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Bible Encyclopedias

1911 Encyclopedia Britannica


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LEMUR (from Lat. lemures, " ghosts"), the name applied by Linnaeus to certain peculiar Malagasy representatives of the order PRIMATES which do not come under the designation of either monkeys or apes, and, with allied animals from the same island and tropical Asia and Africa, constitute the sub-order Prosimiae, or Lemuroidea, the characteristics of which are given in the article just mentioned. The typical lemurs include species like Lemur mongoz and L. catta, but the English name "lemur" is often taken to include all the members of the sub-order, although the aberrant forms are often conveniently termed "lemuroids." All the Malagasy lemurs, which agree in the structure of the internal ear, are now included in the family Lemuridae, confined to Madagascar and the Comoro Islands, which comprises the great majority of the group. The other families are the Nycticebidae, common to tropical Asia and Africa, and the Tarsiidae, restricted to the Malay countries. In the more typical Lemuridae there are two pairs of upper incisor teeth, separated by a gap in the middle line; the premolars may be either two or three, but the molars, as in the lower jaw, are always three on each side. In the lower jaw the incisors and canines are directed straight forwards, and are of small size and nearly similar form; the function of the canine being discharged by the first premolar, which is larger than the other teeth of the same series. With the exception of the second toe of the hind-foot, the digits have well-formed, flattened nails as in the majority of monkeys. In the members of the typical genus Lemur, as well as in the allied Hapalemur and Lepidolemur, none of the toes or fingers are connected by webs, and all have the hind-limbs of moderate length, and the tail long. The maximum number of teeth is 36, there being typically two pairs of incisors and three of premolars in each jaw. In habits some of the species are nocturnal and others diurnal; but all subsist on a mixed diet, which includes birds, reptiles, eggs, insects and fruits. Most are arboreal, but the ring-tailed lemur ( L. catta ) often dwells among rocks. The species of the genus Lemur are diurnal, and may be recognized by the length of the muzzle, and the large tufted ears. In some cases, as in the black lemur ( L. macaco ) the two sexes are differently coloured; but in others, especially the ruffed lemur (L. varius ), there is much individual variation in this respect, scarcely any two being alike. The gentle lemurs (Hapalemur) have a rounder head, with smaller ears and a shorter muzzle, and also a bare patch covered with spines on the fore-arm. The sportive lemurs ( Lepidolemur ) are smaller than the typical species of Lemur, and the adults generally lose their upper incisors. The head is short and conical, the ears large, round and mostly bare, and the tail shorter than the body. Like the gentle lemurs they are nocturnal. (See AVAHI, AYE-AYE, GALAGO, INDRI, LORIS, POTTO, SIFAKA and TARSIER.) (R. L.*)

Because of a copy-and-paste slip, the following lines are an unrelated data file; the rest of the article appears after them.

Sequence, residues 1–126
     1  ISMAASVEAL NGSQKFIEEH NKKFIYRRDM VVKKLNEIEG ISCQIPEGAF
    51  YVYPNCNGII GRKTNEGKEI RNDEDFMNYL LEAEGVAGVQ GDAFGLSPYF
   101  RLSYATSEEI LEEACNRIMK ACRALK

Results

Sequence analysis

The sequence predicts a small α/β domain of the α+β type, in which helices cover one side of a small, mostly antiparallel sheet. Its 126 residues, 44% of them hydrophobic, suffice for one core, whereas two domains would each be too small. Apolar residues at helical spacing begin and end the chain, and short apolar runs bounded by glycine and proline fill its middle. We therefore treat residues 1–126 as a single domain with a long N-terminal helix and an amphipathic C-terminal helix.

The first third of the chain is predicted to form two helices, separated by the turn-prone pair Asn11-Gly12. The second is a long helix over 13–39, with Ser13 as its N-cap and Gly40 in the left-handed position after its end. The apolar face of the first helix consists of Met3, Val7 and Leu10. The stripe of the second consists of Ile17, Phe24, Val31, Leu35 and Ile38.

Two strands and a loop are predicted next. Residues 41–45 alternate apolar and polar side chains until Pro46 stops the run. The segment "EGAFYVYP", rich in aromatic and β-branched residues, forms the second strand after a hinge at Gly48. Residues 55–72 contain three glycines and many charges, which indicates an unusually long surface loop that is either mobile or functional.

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Bibliography Information
Chisholm, Hugh, General Editor. Entry for 'Lemur'. 1911 Encyclopedia Britanica. 1910.

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